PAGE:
Oct 202017

Not sure what to do with an excess of apples?  Here are a few ideas, as well as links to recipes and instructions.

Applesauce – NCHFP and PYO

Sliced Apples – NCHFP

Apple Cider Vinegar – PickYourOwn

Apple Cider – PYO


I tried making Apple Cider Vinegar a few years ago.  While it was not hard, I will try it again only if I also have someone near me who knows how to do it.  Let’s just say I think it ended up being a bit too fermented. 😉

Oct 302016

Swagbucks is the web’s most popular rewards program that gives you free gift cards and cash for the everyday things you already do online. Whenever you shop, watch videos or search the web, Swagbucks gives you points called SB. You can use your SB to redeem gift cards to hundreds of your favorite stores.
With the Swagbucks Mobile and SBTV apps I can use my spare minutes to earn free gift cards on my phone! Like the Swagbucks website, I can rack up SB by shopping, answering surveys and watching videos.
During the hours of canning or chopping peppers for the freezer, I like to have videos running nearby.  The short videos mean my mind is always thinking on something new, rather than the fact that I still have way too many (fill in the blank with fresh produce of your choice) to prepare to be preserved.  Without having to follow a story line for 30 minutes, I can pause the video and turn off the heat on the stove to stop a canner from boiling, or to grab another box of freezer bags.
It also means that if I suddenly remember that one item I have been meaning to order online but never seem to have time for, I can put down my knife/peeler/etc. to order it while also earning points (called SBs) toward a gift card.
If you have time to do more than just watch videos while canning, here is a way to earn $10 a week on your smartphone:
While you wait for the coffee to brew, download free games and other apps through the Discover tab: 20 SB
During commercial breaks, take a featured survey or fill out your survey profile: 60 SB
While standing in line at the grocery store, answer the daily poll: 1 SB
When you’ve finally made it to the gym, watch style, tech and celeb news through the SBTV app: 2 SB for every 10 videos
Just as you’ve put dinner in the oven, your Swagbucks app tells you there’s a new Swag Code!: 3 SB
Before you go to sleep, use the Swagbucks app to shop from your favorite stores. You deserve it!: 100 SB
By downloading the Swagbucks mobile app, I can earn a free $10 gift card by the end of my week. Who knew playing on my phone could be so productive!
Invite your friends to download the Swagbucks Mobile app so they can start earning their way to free gift cards. It’s 100% free to download and 100% easy to use. Its available for both iPhone and Android devices.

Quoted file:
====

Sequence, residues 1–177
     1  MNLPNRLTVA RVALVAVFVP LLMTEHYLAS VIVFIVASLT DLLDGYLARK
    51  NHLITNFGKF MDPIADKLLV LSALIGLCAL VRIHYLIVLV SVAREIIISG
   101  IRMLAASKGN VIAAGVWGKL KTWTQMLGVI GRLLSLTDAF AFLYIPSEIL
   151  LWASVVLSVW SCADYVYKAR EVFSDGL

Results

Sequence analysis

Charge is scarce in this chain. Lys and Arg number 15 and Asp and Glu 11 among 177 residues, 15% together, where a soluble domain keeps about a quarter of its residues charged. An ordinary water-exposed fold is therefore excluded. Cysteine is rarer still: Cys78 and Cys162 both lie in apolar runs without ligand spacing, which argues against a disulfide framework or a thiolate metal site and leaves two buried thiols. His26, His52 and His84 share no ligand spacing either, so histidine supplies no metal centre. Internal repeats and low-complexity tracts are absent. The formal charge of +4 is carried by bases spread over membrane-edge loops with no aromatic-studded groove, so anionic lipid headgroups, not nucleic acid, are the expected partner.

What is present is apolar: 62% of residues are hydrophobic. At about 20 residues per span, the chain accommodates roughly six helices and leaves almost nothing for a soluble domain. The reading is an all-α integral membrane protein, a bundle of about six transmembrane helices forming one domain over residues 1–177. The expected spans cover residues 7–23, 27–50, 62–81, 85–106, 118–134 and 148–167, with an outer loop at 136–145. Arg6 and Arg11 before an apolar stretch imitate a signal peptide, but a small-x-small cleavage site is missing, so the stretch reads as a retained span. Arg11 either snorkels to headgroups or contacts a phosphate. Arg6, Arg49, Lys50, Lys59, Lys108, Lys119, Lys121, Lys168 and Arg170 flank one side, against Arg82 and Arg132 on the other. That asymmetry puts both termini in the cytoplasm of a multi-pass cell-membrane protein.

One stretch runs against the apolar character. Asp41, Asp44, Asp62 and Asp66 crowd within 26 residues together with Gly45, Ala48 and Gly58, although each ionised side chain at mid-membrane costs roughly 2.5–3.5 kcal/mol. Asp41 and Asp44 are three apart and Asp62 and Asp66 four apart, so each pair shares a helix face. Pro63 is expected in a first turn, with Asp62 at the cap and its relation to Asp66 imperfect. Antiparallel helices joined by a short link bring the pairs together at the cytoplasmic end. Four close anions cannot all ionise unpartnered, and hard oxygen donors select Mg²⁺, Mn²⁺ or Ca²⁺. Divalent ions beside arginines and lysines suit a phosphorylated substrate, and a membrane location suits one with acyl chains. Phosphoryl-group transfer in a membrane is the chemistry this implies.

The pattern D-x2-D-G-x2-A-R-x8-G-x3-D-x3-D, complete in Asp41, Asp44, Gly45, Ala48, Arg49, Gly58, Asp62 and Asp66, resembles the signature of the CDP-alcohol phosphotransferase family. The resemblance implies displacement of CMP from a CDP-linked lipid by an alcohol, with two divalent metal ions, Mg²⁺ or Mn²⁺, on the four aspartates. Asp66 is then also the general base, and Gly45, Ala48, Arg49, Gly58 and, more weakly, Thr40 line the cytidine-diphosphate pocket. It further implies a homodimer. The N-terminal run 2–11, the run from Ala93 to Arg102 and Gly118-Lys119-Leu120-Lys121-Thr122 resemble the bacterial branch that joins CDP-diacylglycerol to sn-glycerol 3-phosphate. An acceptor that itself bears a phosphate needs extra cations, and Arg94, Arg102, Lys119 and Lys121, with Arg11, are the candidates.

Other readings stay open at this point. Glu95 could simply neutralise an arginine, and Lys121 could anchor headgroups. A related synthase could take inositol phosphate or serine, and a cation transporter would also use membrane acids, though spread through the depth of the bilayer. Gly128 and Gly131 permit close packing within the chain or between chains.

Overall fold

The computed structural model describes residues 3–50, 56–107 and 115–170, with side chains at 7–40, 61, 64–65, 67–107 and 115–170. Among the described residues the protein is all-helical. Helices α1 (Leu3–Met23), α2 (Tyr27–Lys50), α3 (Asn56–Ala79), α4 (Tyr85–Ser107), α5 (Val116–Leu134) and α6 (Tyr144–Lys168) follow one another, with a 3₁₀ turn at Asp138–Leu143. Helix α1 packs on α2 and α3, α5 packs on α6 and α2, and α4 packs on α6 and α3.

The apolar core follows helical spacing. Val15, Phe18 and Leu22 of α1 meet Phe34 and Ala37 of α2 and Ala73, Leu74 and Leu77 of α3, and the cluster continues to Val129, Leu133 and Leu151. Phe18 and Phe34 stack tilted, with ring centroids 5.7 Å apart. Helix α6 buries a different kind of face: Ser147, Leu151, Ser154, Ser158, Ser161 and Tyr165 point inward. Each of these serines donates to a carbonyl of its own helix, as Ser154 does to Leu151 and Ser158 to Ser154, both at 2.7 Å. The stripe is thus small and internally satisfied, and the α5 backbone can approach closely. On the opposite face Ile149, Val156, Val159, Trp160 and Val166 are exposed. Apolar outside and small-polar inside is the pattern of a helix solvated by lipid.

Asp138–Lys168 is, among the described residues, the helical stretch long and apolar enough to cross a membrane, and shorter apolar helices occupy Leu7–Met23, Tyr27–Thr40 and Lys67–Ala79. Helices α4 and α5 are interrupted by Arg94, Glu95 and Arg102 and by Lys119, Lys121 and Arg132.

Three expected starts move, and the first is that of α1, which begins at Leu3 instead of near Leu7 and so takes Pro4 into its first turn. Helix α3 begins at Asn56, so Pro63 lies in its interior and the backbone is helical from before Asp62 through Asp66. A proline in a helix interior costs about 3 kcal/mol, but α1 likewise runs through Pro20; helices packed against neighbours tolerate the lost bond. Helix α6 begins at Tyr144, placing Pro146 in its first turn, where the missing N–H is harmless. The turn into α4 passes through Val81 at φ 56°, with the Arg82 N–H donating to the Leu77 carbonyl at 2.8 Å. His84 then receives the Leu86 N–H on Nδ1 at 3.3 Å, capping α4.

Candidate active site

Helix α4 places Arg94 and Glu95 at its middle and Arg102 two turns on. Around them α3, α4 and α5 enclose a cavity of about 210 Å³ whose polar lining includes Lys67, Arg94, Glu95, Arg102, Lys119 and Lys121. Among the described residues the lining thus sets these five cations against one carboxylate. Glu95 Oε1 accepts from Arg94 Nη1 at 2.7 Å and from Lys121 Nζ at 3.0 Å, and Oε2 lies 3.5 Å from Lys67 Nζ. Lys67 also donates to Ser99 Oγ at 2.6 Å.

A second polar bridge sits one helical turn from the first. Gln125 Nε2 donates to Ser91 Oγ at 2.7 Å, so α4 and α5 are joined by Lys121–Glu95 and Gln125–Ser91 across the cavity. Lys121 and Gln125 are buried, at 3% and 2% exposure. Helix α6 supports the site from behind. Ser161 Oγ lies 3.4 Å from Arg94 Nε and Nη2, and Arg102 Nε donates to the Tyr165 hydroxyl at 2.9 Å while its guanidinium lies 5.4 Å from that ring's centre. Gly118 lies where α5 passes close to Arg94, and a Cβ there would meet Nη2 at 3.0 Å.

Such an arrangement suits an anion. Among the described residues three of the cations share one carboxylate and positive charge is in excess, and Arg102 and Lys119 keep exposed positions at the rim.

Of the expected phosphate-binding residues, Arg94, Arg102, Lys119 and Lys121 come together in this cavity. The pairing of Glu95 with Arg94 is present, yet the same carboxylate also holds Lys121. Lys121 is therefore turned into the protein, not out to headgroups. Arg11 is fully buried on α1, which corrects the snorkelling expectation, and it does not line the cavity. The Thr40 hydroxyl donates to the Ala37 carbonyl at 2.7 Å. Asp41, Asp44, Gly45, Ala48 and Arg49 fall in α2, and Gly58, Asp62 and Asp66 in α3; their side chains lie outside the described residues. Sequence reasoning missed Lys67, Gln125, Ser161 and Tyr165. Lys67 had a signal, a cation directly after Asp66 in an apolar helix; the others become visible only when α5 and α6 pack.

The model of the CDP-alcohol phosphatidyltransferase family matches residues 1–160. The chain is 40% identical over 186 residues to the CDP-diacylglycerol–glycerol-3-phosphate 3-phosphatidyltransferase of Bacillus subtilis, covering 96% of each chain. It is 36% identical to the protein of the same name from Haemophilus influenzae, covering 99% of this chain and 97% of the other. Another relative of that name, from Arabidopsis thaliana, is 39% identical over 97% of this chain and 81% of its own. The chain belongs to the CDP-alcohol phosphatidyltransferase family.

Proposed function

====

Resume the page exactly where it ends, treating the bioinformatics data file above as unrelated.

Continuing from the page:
This post contains affiliate links.
Sep 012016

processing tomatoesHave you noticed a lack of canning posts this year?  If not, I sure have.  I have also noticed the lack of variety in our home canned items in the pantry, the abundance of empty jars sitting around, and the amount of other items left over from past canning seasons.

The jam and jelly making marathon 3 years ago meant we are still eating blackberry jam, tomato marmalade, and apple jelly syrup (the jelly did not set).  Thanks to the Farm Market Swap last year, we do have some variety in the house.

Due to the demands of life right now, spending hours canning produce and taking care of a large garden were things I had to admit I could not do this year.  What I did do were the basics, things we would really have missed if they were not present.  These are also things that happen to make my life easier.  Namely – cherry tomatoes, a few regular tomato plants, pearl onions for stews this winter, pizza sauce, and crushed tomatoes.  If there is anything else we really need, like spaghetti sauce, I can easily order a few jars online if I really did not want to go to the store.  At this point, it is worth it for me to accept that option.

The blackberry bushes and strawberry beds are at a point where not a lot of attention is needed.  This is a nice stage, as I can reap the fruits of my labor without spending a lot of labor doing so.  What I was not going to do with these fruits, was to make jams. (see paragraph above)  Instead we ate them fresh as they came on and I did not feel guilty about it one bit.

In mid summer, I was presented with the opportunity to can tomatoes.  My garden had not started to produce enough, but a local farmer/gardener had grown some in a greenhouse and theirs were ready.  As it turns out, they were a bit green still, but I was not going to look a gift horse in the mouth.  I knew that if I did not take advantage of this opportunity at this moment, there would be no canning done during the normal growing season.

tomato canning goals 2016